Sorry, seems like you bought into a crappy situation.

BTW - 'my' transformer sits about six inches off my property line, but it still sits within the city's utility easement, so my neighbors can't be angry.
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Old 04-06-2010, 10:28 AM   #6
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Originally Posted by Leah Frances View Post
.

Sorry, seems like you bought into a crappy situation.

y.
Leah, have you read Cubey's other posts? If not, you have to. If your choice of terms is accidental, it is quite humorous. Not for Cubey, but to an outsider..
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Old 04-06-2010, 11:32 AM   #7
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Based on that, you would not be able to legally exclude the neighbors from using the land in question if they make a legal claim to it. You should engage an attorney to provide proper direction to attempt to preclude such a claim.
Here's the thing, it's such a tiny, odd shaped sliver of land, if they have a legal right/easement to it (while it's still my property), I don't really care. What I do care about, easement or no, is the guy trying to bully me into having my utilities moved off my own property because it's on "their side" of the fence.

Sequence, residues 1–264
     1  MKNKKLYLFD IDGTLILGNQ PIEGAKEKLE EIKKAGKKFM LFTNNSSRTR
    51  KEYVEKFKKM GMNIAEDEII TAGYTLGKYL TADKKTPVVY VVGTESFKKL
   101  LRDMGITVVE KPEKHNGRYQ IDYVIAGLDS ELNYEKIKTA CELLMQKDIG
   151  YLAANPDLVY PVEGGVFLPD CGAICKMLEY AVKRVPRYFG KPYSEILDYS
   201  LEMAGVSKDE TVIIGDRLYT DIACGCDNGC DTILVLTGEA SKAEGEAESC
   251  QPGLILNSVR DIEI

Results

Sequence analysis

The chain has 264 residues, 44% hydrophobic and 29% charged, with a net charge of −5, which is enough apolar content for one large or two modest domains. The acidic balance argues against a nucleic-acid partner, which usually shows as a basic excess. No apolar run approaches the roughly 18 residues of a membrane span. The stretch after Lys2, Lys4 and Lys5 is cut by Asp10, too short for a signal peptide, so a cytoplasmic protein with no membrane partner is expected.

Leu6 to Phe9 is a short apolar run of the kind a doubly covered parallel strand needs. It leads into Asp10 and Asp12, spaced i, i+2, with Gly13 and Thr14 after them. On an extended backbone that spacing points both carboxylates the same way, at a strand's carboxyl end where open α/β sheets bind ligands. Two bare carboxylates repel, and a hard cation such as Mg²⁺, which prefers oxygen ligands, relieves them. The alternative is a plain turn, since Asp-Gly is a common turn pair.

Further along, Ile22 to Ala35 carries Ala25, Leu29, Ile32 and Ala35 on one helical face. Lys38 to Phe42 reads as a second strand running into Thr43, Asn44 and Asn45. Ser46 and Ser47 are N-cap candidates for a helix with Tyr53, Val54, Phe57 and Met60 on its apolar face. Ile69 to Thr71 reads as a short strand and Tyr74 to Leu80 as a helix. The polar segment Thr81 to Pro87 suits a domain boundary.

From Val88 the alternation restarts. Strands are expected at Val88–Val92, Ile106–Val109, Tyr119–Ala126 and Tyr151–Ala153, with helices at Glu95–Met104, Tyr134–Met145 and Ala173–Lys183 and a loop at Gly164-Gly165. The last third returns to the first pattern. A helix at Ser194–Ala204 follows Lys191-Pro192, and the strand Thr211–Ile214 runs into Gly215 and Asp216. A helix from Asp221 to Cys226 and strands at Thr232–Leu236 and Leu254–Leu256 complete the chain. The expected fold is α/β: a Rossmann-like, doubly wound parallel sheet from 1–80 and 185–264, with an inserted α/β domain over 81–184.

The neighbor claimed last night that the surveyor told him over the phone it isn't 19.3ft, but 1ft past the fence. I spoke with the surveyor this morning myself. He agreed that he did speak with the neighbor but outright denied telling him it was 1ft. He told me that he told the guy he couldn't exactly remember the distance right off hand. The neighbor had told me also the surveyor was coming over right then (at 9:30pm) who of course never showed. When I mentioned this to the surveyor this morning, we both had a bit of a laugh, like: "yeah, I didn't think you were going to drop everything at 9:30 at night and come down here to put up flags".

Anyhow, the surveyor seems to be upholding his survey as being accurate to the point that he told me he even pulled up the deed from the court house to the neighbor's property because the deed on this one was a bit vague so he had to do the survey slightly based on their own deed for that stretch of the property line, that they are now disputing. So from what I can gather, they seem to be disputing their own publicly recorded deed's statement of where their property line runs.
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Old 04-06-2010, 11:36 AM   #8
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Property line dispute


just to be sure; was this a stake/line survey or just a mortgage survey?

a mortgage survey is not reliable for establishing accurate lot lines.

Did the surveyor find or drive corner pins?